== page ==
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Ofala Festival


Encyclopedia » Traditions/Culture » Festivals
Anambra

Ofala festival is a ceremony that is being practiced by indigenes of Onitsha in Anambra state Nigeria, the commercial nave center of the south- eastern Nigeria. The Festival is been described as the most important surviving traditional ceremony of the Onitsha indigenes. It is also an occasion where the Natives/Indigenes of Anambra join together for dancing, singing, meeting old friends and making new ones. The festive season is also seen as, when the people of the community, political, cultural, and family systems celebrates anniversaries and commemorate important events in order to create life-giving stories, hope, and a sense of purpose. It is been held every October as a 3days event and it captures the main religious ceremony of the community.

         At the Obi’s palace, tens of thousands of men and women dance to the heart-pulsating beat of traditional drummers and merry making. The highlight of the festival is the Obi’s entrance in his royal regalia, decorated with crown (okpu ododo), which is been announced by traditional trumpeters earlier on. The red-cap chiefs (ndiichie) in their traditional attires arrive independently, each accompanied by their village music. They proceed to the Obi’s throne in order of seniority. There, they pay homage to the Obi by kneeling on the floor and bowing down before him. The celebration then continues as they dance, according to seniority, to the tune of the sacred royal music/drums (egwu ota) at intervals of three along the palace grounds. The beat also changes in accordance with their respective titles and positions.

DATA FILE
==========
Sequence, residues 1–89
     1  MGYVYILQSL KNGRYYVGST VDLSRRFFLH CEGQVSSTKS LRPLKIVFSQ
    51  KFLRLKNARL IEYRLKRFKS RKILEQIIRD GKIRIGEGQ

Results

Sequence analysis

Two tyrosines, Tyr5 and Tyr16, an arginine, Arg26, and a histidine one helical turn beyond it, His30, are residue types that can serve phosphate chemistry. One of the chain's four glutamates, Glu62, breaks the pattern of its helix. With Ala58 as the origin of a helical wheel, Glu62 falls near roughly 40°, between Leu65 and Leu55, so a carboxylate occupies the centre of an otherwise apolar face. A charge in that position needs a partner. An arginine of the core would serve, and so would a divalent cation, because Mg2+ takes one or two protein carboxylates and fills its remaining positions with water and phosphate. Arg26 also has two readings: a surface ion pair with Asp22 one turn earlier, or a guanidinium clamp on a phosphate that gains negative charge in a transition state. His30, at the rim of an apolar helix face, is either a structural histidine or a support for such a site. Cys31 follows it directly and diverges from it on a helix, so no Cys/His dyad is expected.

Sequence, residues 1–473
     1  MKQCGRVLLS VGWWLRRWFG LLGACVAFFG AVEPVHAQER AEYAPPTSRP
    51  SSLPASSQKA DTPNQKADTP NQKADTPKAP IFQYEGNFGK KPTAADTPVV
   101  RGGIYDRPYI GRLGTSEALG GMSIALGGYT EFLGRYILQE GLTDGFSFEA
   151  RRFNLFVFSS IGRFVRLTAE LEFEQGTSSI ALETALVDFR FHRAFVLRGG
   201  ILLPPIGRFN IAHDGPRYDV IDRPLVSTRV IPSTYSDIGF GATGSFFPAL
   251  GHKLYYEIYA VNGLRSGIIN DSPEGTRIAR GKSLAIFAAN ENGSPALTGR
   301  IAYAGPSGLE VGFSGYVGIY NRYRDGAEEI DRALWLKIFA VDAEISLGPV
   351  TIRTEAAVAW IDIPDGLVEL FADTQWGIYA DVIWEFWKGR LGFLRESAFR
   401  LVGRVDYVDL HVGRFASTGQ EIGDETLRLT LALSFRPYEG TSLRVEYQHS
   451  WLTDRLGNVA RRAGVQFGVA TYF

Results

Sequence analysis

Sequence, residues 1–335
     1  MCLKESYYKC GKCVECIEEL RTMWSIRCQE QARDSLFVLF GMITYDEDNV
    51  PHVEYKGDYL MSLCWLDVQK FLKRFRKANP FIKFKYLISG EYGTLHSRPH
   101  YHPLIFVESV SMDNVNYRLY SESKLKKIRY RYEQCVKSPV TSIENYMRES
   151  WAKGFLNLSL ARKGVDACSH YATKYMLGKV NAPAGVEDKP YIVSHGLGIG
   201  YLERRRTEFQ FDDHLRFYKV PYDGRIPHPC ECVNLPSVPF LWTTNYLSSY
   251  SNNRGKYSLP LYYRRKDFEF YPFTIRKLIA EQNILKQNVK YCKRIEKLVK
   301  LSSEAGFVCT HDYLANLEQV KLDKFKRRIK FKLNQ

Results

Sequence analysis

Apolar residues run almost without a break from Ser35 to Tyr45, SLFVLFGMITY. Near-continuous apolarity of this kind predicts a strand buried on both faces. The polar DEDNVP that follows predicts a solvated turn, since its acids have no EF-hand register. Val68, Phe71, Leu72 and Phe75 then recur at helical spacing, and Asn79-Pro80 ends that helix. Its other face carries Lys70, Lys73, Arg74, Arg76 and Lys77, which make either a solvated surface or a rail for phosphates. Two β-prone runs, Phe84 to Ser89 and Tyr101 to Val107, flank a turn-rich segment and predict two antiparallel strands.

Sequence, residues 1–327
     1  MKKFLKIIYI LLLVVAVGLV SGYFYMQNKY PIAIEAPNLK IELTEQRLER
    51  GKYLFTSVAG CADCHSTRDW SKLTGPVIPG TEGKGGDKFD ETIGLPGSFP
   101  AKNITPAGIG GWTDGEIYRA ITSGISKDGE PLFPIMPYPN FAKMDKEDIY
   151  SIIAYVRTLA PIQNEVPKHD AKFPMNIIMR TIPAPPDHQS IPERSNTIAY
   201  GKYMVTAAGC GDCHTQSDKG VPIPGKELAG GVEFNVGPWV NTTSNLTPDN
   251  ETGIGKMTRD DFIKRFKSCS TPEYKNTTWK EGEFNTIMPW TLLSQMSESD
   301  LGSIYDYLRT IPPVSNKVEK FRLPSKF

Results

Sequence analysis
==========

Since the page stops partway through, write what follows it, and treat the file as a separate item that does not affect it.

The royal music sets the rhythm for the Obi’s dancing, during his three outings. These royal drums, like most traditional ones, are made by stretching animal hides over a frame. Sometimes, these are tied together with raw hides. Other drums are also used, depending on the occasion. During the ceremony, dances and songs by the indigenes, with their traditionally attire, is performed with the performers wearing colorful traditional clothing. The dancing activities usually include beautiful war dances.

            One is often nostalgic because the celebration associated with these ceremonies is not what one should miss such as watching the “ulaga” and “otuiche” masquerades.” The festival also shows that respect is shown for the Onitsha history and their way of life. It is also a great way to keep the heritage alive because, as it is said “Charity beings at home”

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Updated 12 Months ago
 

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